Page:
South Africa Suspends Use Of AstraZeneca's COVID-19 Vaccine After Data Showed It Gave Minimal Protection Against The Variant

South Africa is halting its rollout of the AstraZeneca-University of Oxford Covid-19 vaccine, after a study showed the drug failed to prevent mild and moderate cases of the virus variant.

Africa’s hardest-hit nation was due to start vaccination in the coming days with a million doses of the vaccine developed by AstraZeneca and Oxford.

“We have decided to put a temporary hold on the rollout of the (AstraZeneca) vaccine. More work needs to be done,” said South African Health Minister Zweli Mkhize during a virtual press conference.

The University of Witwatersrand, Johannesburg, which conducted the trial involving around 2,000 people, said in a statement on Sunday that the AstraZeneca vaccine ‘provides minimal protection against mild-moderate Covid-19 infection’ from the South African variant.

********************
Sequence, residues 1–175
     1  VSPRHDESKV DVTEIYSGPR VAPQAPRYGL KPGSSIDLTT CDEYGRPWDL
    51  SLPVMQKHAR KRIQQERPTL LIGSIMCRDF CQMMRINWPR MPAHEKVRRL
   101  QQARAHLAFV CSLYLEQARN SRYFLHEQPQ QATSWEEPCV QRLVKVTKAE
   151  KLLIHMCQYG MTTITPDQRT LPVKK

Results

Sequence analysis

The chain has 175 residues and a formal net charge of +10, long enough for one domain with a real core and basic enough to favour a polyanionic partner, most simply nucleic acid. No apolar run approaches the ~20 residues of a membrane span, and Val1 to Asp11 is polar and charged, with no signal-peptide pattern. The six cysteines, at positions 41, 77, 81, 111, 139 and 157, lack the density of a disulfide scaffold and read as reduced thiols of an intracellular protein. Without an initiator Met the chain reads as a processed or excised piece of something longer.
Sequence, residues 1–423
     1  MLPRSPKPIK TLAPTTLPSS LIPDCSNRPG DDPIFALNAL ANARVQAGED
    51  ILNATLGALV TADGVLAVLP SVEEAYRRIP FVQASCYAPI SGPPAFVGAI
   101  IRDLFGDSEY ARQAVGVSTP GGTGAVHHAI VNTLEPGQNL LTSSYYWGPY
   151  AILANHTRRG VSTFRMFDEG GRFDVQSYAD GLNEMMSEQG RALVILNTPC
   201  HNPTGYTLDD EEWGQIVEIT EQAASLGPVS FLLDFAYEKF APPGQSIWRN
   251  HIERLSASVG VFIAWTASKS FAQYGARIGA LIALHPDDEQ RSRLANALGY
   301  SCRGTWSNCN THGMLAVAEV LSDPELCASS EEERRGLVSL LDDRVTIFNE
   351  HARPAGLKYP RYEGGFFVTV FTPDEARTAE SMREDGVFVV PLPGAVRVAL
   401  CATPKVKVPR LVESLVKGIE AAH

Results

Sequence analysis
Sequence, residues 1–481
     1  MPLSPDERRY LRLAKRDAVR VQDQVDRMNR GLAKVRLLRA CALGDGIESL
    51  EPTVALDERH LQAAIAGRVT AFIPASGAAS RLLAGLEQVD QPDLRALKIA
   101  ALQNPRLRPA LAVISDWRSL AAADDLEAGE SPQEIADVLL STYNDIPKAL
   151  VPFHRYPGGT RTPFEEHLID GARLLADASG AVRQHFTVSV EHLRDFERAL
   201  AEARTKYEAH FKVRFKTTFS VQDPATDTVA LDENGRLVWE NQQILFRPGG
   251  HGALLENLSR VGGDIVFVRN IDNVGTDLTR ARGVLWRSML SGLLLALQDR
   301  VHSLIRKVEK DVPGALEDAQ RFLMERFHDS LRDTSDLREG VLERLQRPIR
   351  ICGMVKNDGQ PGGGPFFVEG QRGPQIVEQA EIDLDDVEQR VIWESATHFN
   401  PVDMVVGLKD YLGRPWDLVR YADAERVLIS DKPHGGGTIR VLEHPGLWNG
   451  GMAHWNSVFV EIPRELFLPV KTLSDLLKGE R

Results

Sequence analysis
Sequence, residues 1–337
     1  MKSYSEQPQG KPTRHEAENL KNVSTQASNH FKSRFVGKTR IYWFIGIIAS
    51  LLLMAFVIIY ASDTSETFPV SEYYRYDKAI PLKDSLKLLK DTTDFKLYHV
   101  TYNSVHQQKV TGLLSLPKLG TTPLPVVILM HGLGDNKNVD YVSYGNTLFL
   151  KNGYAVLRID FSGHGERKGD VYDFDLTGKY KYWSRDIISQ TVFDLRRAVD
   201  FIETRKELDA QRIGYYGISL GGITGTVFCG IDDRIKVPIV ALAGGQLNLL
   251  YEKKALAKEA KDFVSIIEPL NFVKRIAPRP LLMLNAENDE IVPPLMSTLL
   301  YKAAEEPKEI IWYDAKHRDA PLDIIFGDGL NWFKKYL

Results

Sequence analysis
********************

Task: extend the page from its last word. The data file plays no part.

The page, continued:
Despite the setback for the country, officials have said vaccine deliveries from other producers would soon be available.

‘In the next four weeks, we will have the J&J and Pfizer,’ said Mkhize, referring to vaccines made by Johnson & Johnson and Pfizer/BioNTech.

Discussions with other vaccine producers are reportedly ongoing, particularly Moderna and the makers of the Russian Sputnik V jab.

Mkhize said the 1.5 million AstraZeneca vaccines obtained by South Africa, which will expire in April, will be kept until scientists give clear indications on their use.

‘The second generation of the vaccine to fight all variants will take longer to produce,’ said Salim Abdool Karim, epidemiologist, and co-chair of the scientific committee at the South African health ministry.

South Africa plans to vaccinate at least 67 percent of its population by the end of the year, or around 40 million people.

The country has recorded nearly 1.5 million infections and more than 46,000 deaths from the virus.